• [Show abstract] [Hide abstract] ABSTRACT: maternal mortality remains a major public health problem in many countries. The aim of this paper is to describe the progress made in maternal health care in Zhejiang Province, China over 20 years in reducing the maternal mortality ratio (MMR). Zhejiang Province is located on the mid-east coast of China, approximately 180km south of Shanghai, and has a population of 49 million. Almost all mothers give birth in hospitals or maternal and infant health institutes. the annual maternal death audit reports from 1988 to 2008 were analysed. These reports were prepared annually by the Zhejiang Prenatal Health Committee after auditing each individual case. China has made considerable progress in reducing the MMR. Zhejiang has one of fastest developing economies in China, and since the 86 economic reforms of 1978, health care has improved rapidly and the MMR has declined. During the 1988-2008 period, 2258 maternal deaths were reported from 8,880,457 live births. During these two decades, the MMR decreased dramatically from 48.50 in 1988 to 6.57 per 100,000 in 2008. The MMR in migrant women dropped from 66.87 in 2003 to 21.67 per 100,000 in 2008. The rate of decline was more rapid in rural areas than in the city. There has been a decline in the proportion of deaths with direct obstetric causes and a corresponding increase in the proportion of indirect causes. The proportion of deaths classified as preventable has declined in the past two decades. Social factors are important in maternal safety, and on average 26.8% of maternal deaths were influenced by these factors. as the economy was developing, maternal safety was made a priority health issue by the Government and health workers. The provincial MMR has dropped rapidly and is now similar to the rates in developed countries and lower than that in the USA. However, more work is still needed to ensure that all mothers, including migrant workers, continue to have these low rates.
    Article · Oct 2010 · Midwifery
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    Jonine Jancey · Anne Clarke · Peter Howat · [...] · Andy Lee
    [Show abstract] [Hide abstract] ABSTRACT: Objective To identify issues and perceptions concerning physical activity in older adults. Design Qualitative study. Setting Perth, Western Australia. Methods Sixteen adults aged 65 to 74 years were interviewed in their own homes using a semi-structured interview schedule. Data were analysed using a descriptive qualitative methodology. Results Participants believed that physical activity provided health benefits and reflected positively on physical activity experiences when they were younger, with many expressing a desire to engage in less age-appropriate activities. The major barrier to physical activity was pain. Participants described both positive and negative examples related to society's support of physical activity. Conclusions A number of issues were raised. These included: the need for more specific information on the benefits of physical activity; the role of pain management in physical activity; the concept that involvement in physical activity in younger years leads to involvement when older; and the expressed desire of older people to engage in less age-appropriate physical activities.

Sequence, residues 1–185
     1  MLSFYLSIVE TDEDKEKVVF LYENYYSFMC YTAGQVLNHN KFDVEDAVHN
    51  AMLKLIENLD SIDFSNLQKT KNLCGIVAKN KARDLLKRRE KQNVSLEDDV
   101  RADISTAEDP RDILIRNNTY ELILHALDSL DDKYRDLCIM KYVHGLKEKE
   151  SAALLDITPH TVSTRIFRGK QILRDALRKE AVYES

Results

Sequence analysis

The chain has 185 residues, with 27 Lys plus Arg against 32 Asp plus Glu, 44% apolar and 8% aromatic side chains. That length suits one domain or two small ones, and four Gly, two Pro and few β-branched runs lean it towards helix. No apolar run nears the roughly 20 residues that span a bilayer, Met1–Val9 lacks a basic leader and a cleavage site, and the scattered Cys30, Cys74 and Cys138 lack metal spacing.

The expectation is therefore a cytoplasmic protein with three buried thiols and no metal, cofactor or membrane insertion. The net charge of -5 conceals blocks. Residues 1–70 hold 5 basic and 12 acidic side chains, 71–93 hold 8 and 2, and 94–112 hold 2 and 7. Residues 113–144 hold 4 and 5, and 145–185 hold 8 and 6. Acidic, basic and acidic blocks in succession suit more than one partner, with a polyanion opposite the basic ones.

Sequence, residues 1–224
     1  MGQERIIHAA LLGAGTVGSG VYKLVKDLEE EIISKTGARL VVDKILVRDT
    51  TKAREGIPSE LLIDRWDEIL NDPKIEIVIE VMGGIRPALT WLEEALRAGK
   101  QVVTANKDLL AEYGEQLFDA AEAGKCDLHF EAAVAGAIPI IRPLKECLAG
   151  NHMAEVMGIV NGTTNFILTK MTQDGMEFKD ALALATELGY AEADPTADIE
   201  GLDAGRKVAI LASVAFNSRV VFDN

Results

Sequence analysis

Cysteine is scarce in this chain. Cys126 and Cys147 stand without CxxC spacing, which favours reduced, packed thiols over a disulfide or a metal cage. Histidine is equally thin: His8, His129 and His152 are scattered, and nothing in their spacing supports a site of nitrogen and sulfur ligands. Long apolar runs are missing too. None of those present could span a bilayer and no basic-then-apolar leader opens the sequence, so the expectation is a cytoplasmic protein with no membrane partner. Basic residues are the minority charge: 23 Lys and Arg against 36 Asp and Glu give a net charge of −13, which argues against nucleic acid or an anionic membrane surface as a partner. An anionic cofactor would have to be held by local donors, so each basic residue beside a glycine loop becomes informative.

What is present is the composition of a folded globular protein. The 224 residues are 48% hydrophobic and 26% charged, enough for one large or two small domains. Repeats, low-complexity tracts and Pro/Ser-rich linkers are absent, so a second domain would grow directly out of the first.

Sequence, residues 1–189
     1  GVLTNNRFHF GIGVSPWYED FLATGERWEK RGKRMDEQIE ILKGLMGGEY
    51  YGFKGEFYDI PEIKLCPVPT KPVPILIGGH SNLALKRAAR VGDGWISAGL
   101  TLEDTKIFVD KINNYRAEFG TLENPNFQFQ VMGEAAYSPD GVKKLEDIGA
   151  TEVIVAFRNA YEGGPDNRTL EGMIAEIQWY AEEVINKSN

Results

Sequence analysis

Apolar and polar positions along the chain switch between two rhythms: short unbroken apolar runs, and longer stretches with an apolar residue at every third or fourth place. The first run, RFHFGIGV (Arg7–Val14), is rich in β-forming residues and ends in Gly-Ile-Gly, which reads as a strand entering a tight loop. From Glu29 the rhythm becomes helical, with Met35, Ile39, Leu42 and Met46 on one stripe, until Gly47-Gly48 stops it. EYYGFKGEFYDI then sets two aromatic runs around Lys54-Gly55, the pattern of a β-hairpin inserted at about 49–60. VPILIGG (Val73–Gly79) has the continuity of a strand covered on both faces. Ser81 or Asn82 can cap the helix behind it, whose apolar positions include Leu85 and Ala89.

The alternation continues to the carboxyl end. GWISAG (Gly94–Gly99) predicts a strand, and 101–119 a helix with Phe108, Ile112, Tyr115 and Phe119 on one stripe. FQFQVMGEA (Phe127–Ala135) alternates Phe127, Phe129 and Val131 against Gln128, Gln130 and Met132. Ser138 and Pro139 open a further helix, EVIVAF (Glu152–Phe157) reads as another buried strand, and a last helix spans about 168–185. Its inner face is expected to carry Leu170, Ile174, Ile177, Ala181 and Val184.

Full-text available · Article · Jan 2009 · Health education
  • [Show abstract] [Hide abstract] ABSTRACT: This paper describes the influence of caesarean section on breastfeeding rates in Zhejiang Province, People's Republic of China. A longitudinal cohort study of infant feeding was conducted in Zhejiang Province, in city, suburban and rural areas. Mothers were recruited and interviewed while in hospital and then followed for six months. The sample size was 638 in the city, 347 in the suburban area and 532 in the remote mountainous rural area. In this study the highest caesarean section rate was in the city (76%), a similar rate in the suburbs (74%) and the lowest in the rural area (53%). The overall the breastfeeding initiation rate was 94%. Mothers who had a caesarean section were less likely to be exclusively breastfeeding on discharge (35.8% in city, 59.6% in the suburbs) compared to vaginal delivery where the rates were 45% and 74.4% respectively. The adjusted odds ratio for exclusive breastfeeding in caesarean section deliveries in the city and suburban mothers was 0.64 (95% CI 0.46, 0.88). Caesarean section is increasingly being used for routine deliveries in China and other countries in the region. Mothers who have an operative delivery have lower rates of exclusive breastfeeding on hospital discharge. These mothers will need extra support and encouragement to commence and maintain breastfeeding.
    Article · Nov 2008 · Asia-Pacific Journal of Public Health
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    Jonine Jancey · Andy Lee · Peter Howat · [...] · Trevor Shilton
    [Show abstract] [Hide abstract] ABSTRACT: This study investigated attrition in a 6-month physical activity intervention for older adults. The program was based on the social-cognitive theory incorporating self-efficacy factors. Two hundred forty-eight insufficiently active 65- to 74-year-olds were recruited from the Australian federal electoral roll. The intervention comprised walking and strength and flexibility exercises and was conducted in 30 local neighborhoods where the participants resided. Characteristics of individuals lost to attrition (n = 86, 35%) were compared with those of program completers (n = 162, 65%). Logistic-regression analysis showed that those lost to attrition came from areas of lower socioeconomic status, were overweight and less physically active, and had lower walking self-efficacy scores and higher loneliness scores. The results suggest that early assessment of these characteristics should be undertaken to identify individuals at risk of attrition, to improve retention, and to avoid potential bias.